Sunday, May 11, 2008

Richard Cottrell

Richard Cottrell was born January 3, 1840, in Birmingham, England.

Richard claimed many years later that he was living with his widowed mother in Birmingham in 1850. In any case, he immigrated to the United States eventually settling in Michigan, possibly in the late 1850s, and by 1860 he was working for and/or living with George Lathrop, a nurseryman in Lansing’s First Ward. (He later claimed that in 1860 he was living with the attorney William Chapman in Lansing’s Second Ward but he does not appear on the census list for the Chapman family.)

Shortly after war broke out Richard became a member of the Lansing militia company called the “Williams’ Rifles”, whose members would serve as the nucleus of Company G.

Richard was 21 years old, stood 5’4” with blue eyes, light hair and a light complexion and still living in Lansing when he enlisted with the consent of the Justice of the Peace in Company G on May 10, 1861. While the regiment was forming in Grand Rapids, Frank Siverd, also of Company G, wrote to a Lansing newspaper that by June 10 Richard had been with the company some time. “He likes camp life and has become quite a soldier.” Richard was reported a Corporal on February 27, 1863, and mustered out of service at Detroit on June 27, 1864.

Richard was probably in Massachusetts when he enlisted at Franklin, as a private in Company G, Second Massachusetts Heavy Artillery. He was discharged on June 26, 1865, at New Berne, North Carolina.

After the war Richard eventually returned to Lansing where he worked as a cooper for some years. By 1876, however, he had moved east and was living in Lowell, Middlesex County, Massachusetts, when he became a citizen of the U.S.

He was apparently living in Lowell where he married Harriet Mathilda Earl in 1881; they had at least one child, a son: James Samuel.

Curiously Richard was living in Lansing in October of 1891 when he joined the Grand Army of the Republic Charles Foster Post No. 42 in Lansing; he was suspended from the post in December of 1898, possibly as a result of not paying his dues. Richard eventually returned to Massachusetts and by March of 1907 he was residing at 256 Lowell Street in Lawrence, Essex County, Massachusetts. In 1910 he was apparently living alone in Lawrence’s Third Ward, Essex County, Massachusetts and he was still living in Lawrence in 1915. In 1920 he listed himself as a widower and was boarding with the Veacock (?) family in Lawrence.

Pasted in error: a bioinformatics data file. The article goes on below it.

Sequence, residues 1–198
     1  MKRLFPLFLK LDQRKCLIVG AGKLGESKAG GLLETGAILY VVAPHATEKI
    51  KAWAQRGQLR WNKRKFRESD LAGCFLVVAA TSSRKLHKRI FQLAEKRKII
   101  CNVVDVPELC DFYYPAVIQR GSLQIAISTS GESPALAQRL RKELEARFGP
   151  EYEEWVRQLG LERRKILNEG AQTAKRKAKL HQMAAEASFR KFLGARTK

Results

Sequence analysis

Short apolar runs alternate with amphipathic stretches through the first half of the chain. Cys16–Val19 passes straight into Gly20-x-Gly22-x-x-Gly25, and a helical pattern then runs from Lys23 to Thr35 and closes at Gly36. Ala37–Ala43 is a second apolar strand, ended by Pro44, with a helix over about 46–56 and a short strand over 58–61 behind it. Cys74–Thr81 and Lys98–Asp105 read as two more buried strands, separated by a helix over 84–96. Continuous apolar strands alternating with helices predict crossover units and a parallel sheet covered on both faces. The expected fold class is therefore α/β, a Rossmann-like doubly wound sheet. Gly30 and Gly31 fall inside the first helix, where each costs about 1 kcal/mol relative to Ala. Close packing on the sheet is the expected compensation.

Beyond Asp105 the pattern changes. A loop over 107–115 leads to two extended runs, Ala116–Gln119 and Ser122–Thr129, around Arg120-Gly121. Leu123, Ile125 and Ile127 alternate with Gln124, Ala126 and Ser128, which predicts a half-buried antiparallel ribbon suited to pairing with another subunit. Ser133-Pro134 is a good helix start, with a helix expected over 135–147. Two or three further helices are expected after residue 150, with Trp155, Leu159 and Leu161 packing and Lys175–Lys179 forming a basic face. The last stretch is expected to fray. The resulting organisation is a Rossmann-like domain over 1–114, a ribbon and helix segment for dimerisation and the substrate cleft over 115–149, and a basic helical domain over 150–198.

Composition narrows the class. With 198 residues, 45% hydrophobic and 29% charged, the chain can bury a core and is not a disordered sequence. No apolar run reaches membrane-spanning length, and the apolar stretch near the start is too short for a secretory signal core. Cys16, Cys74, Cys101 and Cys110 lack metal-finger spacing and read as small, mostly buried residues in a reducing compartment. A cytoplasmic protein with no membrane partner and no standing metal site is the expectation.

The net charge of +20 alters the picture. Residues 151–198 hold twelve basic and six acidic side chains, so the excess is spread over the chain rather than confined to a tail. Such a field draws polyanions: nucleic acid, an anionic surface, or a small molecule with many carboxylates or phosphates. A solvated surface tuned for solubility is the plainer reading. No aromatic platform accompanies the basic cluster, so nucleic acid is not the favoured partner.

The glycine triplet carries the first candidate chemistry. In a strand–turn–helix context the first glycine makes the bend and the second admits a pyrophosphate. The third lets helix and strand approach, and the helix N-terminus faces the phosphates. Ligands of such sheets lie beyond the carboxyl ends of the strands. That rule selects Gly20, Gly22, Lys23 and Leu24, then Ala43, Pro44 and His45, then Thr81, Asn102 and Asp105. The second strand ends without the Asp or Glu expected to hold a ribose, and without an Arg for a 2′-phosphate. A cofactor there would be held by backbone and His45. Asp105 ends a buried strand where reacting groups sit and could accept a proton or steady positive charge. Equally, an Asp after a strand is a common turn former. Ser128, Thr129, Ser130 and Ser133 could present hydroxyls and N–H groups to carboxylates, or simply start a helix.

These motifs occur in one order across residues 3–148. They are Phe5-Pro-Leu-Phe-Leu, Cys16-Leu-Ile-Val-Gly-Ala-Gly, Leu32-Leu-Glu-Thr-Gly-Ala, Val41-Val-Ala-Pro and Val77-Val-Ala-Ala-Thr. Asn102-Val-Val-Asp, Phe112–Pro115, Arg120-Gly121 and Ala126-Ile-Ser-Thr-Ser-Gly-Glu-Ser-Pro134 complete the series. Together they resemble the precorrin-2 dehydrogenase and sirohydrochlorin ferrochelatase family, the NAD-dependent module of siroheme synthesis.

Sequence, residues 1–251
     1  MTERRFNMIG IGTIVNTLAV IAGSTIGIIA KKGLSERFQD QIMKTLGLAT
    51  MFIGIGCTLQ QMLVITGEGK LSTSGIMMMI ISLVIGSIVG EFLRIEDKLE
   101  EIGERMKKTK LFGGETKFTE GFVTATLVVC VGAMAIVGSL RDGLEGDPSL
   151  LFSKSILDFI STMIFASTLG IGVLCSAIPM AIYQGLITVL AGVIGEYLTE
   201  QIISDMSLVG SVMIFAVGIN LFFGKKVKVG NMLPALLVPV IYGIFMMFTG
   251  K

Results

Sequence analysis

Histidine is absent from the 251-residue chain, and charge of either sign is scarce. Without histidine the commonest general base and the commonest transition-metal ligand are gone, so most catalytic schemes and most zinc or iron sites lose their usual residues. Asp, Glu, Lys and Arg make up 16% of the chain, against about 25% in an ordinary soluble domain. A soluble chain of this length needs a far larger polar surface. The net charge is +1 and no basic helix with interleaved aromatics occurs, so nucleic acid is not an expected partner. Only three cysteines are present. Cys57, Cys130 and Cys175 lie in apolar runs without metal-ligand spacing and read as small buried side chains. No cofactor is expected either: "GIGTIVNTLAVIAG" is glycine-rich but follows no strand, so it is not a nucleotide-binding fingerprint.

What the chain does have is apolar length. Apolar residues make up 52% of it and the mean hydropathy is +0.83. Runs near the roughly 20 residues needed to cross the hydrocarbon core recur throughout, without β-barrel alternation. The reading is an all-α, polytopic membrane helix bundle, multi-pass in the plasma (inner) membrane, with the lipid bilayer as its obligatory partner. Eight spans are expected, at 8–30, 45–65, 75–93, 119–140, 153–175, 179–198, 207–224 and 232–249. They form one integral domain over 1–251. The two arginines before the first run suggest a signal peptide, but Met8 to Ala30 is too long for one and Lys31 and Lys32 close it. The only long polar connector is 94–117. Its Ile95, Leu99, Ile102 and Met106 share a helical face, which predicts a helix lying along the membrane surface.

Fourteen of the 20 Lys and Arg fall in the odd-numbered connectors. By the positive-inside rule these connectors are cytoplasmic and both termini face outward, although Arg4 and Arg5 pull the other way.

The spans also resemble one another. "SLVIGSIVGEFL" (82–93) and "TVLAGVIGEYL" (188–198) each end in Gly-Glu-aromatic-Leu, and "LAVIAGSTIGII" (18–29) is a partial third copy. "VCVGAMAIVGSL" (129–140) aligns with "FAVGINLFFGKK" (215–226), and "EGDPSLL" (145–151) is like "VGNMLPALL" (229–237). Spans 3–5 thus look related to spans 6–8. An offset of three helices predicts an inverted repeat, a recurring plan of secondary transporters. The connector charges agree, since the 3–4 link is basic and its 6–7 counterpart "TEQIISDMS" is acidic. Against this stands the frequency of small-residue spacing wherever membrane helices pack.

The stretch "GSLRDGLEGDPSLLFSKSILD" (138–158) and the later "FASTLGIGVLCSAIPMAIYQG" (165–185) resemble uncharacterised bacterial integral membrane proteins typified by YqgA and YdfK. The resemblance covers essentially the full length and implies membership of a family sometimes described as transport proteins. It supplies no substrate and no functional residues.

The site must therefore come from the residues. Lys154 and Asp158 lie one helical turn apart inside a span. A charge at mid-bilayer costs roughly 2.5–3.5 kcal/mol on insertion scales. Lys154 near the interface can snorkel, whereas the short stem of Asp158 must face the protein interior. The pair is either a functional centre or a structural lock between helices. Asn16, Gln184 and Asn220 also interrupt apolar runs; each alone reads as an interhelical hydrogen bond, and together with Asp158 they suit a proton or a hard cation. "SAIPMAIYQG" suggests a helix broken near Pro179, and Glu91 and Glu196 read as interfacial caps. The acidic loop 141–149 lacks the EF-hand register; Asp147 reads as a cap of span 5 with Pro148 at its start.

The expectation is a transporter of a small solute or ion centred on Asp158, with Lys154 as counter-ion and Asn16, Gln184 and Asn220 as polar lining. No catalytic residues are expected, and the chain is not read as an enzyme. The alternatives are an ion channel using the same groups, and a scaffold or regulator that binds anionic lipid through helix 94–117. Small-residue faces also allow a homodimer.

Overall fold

In 1891 he applied for and received pension no. 816114 for service in both units.

Richard was possibly a widower when he died on October 3, 1921, in Lawrence and possibly buried in Lawrence.

Interestingly, in 1933, an attorney for his son, John Samuel Cottrell, wrote tot he US Pension Bureau attempting to learn whether Richard had in fact been married previous to his marriage to Harriet. “There is a rumor,” wrote J. M. Couse on October 14, 1933, “that Richard Cottrell had been previously married and that a son was born of such previous marriage whose name the same as that of my client, John Samuel Cottrell, and that this earlier son died while in the Naval Service of the United States in San Fransisco. Thus far such earlier marriage is a rumor and no more, . . .” As far as presently known it remains a rumor to this day.

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